Although consumers can generally be considered experienced users of various forms of machine to machine [M2M] communication[8] the ramifications of human interaction with familiar objects ranging from ‘smart’ phones to ‘smart’ cards, in terms of the legal protection of personal data harvested and the uses both lawful and unlawful it is then put to is unlikely to be so readily understood.[9] The advent of the internet of things [IoT] can only obfuscate the issue and concomitantly present new challenges in terms of the maintenance of informational privacy and the security of the environment in which data is retained.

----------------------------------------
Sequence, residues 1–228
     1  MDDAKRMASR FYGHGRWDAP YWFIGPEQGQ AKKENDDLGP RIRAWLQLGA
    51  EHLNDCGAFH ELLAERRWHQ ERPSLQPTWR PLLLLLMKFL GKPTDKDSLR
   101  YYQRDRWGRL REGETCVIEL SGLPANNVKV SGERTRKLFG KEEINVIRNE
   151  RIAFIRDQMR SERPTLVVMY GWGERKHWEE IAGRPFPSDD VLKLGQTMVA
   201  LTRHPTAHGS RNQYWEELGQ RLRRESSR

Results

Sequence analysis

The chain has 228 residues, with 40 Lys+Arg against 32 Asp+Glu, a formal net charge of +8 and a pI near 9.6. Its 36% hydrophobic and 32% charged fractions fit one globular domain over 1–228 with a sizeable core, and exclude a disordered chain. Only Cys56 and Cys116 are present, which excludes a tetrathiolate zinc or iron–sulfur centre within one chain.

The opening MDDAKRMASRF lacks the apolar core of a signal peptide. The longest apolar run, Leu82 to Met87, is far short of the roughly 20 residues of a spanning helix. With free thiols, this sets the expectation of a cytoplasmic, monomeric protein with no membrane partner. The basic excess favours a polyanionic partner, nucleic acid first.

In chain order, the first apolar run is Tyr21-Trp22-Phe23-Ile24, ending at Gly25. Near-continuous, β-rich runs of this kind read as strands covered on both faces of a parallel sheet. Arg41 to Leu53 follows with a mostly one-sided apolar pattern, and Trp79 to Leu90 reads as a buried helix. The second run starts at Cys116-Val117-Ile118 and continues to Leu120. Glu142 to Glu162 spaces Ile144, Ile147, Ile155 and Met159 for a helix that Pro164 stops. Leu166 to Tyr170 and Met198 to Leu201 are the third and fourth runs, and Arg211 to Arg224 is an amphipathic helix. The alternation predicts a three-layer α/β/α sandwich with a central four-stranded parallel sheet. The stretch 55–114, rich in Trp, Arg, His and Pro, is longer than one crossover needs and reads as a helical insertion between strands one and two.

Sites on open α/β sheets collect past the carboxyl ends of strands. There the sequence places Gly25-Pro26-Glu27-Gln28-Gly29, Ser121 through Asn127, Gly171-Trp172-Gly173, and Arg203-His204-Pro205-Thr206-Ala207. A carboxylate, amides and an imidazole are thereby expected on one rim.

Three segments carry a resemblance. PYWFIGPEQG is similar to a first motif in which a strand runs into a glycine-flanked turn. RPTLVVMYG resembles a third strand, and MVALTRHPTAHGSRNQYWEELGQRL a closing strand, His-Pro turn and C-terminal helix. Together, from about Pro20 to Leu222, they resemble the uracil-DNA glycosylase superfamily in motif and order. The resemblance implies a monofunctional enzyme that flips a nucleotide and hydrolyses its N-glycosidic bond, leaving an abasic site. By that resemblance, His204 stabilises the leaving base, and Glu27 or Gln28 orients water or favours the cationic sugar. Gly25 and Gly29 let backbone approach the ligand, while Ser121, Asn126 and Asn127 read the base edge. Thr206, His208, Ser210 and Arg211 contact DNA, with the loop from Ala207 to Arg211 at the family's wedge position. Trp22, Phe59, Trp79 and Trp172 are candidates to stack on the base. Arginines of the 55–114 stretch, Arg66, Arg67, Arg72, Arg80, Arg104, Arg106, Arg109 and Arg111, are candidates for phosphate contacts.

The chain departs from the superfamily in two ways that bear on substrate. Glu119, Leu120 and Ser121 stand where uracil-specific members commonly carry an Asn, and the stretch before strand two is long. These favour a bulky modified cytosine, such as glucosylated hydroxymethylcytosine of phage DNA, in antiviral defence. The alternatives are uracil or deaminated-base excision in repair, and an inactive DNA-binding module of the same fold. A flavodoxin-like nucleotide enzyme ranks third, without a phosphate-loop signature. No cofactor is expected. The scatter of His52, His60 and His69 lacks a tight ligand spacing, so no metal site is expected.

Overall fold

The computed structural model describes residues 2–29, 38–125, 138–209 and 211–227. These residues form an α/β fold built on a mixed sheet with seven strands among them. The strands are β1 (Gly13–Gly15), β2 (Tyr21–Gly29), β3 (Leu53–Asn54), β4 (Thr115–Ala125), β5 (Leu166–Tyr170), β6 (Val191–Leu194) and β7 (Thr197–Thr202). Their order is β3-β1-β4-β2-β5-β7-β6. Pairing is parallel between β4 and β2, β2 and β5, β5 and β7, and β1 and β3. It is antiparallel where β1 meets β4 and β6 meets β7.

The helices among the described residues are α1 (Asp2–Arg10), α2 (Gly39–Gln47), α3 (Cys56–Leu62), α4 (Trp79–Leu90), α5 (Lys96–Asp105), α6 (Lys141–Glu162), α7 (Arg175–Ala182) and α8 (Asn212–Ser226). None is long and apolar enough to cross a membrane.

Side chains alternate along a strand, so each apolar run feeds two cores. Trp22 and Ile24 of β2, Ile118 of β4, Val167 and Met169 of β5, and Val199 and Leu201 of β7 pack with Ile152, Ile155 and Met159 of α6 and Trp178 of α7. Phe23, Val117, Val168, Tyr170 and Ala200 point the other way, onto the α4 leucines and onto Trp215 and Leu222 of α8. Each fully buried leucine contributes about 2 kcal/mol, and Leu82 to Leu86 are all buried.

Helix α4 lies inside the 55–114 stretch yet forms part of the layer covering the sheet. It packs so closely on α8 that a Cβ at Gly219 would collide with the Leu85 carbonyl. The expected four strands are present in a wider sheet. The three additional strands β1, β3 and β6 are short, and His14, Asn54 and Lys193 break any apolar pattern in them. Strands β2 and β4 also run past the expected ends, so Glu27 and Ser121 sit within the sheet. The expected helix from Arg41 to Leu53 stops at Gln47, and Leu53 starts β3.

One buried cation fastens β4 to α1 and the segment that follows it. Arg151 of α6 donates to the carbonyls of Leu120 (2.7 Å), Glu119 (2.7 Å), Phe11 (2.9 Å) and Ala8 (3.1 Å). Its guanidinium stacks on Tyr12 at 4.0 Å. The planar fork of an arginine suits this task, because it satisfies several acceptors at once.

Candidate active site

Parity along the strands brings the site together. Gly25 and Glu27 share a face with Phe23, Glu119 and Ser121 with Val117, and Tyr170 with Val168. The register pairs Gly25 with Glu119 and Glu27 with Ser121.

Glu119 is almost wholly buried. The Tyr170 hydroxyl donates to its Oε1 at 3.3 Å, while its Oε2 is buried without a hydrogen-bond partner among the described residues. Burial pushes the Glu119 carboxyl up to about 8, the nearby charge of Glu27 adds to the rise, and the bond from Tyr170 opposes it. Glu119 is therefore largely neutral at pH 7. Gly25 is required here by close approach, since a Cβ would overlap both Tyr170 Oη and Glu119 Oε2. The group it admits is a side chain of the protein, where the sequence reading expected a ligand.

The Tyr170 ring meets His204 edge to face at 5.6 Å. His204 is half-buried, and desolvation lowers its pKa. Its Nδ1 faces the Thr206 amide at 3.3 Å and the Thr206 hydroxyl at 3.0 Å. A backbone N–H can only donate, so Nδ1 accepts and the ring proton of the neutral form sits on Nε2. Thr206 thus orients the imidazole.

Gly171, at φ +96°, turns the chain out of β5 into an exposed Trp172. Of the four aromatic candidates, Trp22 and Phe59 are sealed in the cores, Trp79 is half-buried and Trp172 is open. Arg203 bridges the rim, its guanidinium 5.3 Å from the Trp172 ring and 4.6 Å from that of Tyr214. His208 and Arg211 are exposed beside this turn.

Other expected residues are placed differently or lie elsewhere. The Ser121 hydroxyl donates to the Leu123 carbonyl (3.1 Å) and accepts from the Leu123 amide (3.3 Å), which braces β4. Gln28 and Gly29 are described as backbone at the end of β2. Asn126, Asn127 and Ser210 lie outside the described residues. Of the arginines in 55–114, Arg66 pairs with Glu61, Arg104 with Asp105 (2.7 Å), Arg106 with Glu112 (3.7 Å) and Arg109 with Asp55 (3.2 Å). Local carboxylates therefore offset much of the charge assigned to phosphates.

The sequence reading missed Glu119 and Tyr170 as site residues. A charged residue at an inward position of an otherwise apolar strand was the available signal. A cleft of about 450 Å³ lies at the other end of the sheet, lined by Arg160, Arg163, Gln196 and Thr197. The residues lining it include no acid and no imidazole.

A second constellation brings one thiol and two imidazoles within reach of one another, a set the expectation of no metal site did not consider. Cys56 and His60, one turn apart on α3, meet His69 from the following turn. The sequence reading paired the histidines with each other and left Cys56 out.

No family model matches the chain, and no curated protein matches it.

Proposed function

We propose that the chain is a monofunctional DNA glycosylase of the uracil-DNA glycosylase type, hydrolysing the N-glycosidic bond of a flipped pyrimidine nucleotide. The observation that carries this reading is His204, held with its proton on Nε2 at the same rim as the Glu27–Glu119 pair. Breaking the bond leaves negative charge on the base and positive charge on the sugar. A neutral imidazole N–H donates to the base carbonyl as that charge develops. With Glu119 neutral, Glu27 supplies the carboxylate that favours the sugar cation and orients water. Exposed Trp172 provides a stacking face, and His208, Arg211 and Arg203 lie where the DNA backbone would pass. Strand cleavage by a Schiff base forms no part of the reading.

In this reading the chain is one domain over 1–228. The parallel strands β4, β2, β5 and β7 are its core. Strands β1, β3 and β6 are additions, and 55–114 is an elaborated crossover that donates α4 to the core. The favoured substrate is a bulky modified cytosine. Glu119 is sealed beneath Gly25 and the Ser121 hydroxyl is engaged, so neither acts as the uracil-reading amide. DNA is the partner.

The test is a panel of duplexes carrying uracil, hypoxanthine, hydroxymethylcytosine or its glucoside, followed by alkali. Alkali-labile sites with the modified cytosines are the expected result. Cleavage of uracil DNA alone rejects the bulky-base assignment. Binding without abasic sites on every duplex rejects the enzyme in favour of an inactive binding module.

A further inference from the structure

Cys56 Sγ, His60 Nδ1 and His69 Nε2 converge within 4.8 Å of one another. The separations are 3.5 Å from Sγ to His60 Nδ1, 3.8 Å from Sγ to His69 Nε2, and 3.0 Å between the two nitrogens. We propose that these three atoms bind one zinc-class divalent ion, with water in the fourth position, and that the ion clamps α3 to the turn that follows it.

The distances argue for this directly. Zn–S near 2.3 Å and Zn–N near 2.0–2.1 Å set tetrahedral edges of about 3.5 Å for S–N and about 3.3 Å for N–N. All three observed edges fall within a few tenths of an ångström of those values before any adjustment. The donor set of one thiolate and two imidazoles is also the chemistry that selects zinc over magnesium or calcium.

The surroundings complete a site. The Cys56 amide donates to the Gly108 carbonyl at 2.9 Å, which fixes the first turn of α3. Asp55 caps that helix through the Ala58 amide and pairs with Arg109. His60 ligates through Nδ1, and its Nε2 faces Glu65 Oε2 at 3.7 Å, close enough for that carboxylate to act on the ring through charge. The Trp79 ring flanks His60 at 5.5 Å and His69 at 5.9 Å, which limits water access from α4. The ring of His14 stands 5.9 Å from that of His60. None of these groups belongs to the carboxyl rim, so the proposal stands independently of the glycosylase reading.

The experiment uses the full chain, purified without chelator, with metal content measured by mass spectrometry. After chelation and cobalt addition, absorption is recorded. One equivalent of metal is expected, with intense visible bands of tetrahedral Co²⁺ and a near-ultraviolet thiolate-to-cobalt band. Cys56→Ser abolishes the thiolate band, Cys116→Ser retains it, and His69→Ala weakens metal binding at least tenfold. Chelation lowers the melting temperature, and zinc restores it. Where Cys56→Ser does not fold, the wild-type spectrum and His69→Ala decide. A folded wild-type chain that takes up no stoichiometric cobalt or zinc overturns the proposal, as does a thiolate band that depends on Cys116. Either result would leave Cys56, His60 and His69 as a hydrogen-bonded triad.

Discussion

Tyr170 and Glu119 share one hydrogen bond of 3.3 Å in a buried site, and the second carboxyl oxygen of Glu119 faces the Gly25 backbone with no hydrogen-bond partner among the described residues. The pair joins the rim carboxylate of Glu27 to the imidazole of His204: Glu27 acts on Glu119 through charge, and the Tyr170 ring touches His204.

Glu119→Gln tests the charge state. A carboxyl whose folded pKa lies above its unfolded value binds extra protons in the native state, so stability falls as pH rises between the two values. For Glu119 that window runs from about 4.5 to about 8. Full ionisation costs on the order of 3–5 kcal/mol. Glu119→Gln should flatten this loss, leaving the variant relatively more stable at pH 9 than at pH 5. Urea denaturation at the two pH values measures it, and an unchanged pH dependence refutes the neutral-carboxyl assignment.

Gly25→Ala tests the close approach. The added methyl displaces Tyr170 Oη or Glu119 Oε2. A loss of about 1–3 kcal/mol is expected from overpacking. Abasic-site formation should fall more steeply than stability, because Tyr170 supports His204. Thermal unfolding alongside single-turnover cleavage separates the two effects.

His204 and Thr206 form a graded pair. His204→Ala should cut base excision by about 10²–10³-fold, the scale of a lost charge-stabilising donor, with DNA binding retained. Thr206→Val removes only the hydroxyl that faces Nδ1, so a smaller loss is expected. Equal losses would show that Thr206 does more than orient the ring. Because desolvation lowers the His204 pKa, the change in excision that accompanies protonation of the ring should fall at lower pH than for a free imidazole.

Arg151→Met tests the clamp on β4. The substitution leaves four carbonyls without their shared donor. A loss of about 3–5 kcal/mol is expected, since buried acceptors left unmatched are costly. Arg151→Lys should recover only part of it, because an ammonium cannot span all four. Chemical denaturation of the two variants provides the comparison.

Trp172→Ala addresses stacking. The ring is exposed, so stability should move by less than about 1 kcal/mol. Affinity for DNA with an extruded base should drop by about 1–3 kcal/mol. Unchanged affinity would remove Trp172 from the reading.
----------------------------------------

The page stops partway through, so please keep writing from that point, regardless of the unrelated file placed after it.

The IoT is not a new concept. Kevin Ashton’s[10] embryonic appellation in 1999 to a future virtual world where commonplace objects enjoy varying levels of autonomous inter-connectivity is now a teenager. Ashton’s vision ultimately portends the removal of a human element from data input, capture, collation and processing once an initial command has been generated.[11] Put at its simplest, inter-connected objects will be programmed by a service provider and/or user to become independent decision makers and decision takers.[12] Yet the growing pains and the potential for the concept of the IoT coming of age to create a modal shift from a network of inter-connected computers, the internet as it is currently understood, to a network of inter-connected objects is not well rehearsed beyond the confines of the information communications technology community and connected industries. Thus, the IoT has received limited attention to date from legal academics[13] and has only begun to assume significance, at least publicly, at supranational level. From 2007 to date the European Union [EU] has published a suite of documents in this sphere, ranging from subject specific communications[14] to more general policy and consultation documents.[15] The on-going discussion is being conducted across different Directorates General [DG] with varying imperatives and remits.[16] Accordingly, the substantive legal issues posed by the IoT must firstly be clearly defined given the potential for intra-EU conflict when stated [technical] objectives are measured against current legal instruments. Concomitantly, the expectation that consumer interface with the IoT will become the norm rather than the exception within the next decade[17] poses [as yet undefined] critical questions as to the efficacy of pre-existing laws designed to ensure inter alia data protection, privacy of electronic communications[18] and the security of the environment within which such exchanges occur from attack.[19] When such imperatives are juxtaposed with the prevention and detection of cybercrime[20] the robustness of prevailing criminal law perpetration theory which is predicated on human ‘command and control’ of a machine where an initiating living actor is always [theoretically] identifiable and ultimately culpable, is also open to question given that the IoT is predicated on inter-connected objects empowered to make autonomous decisions.[21]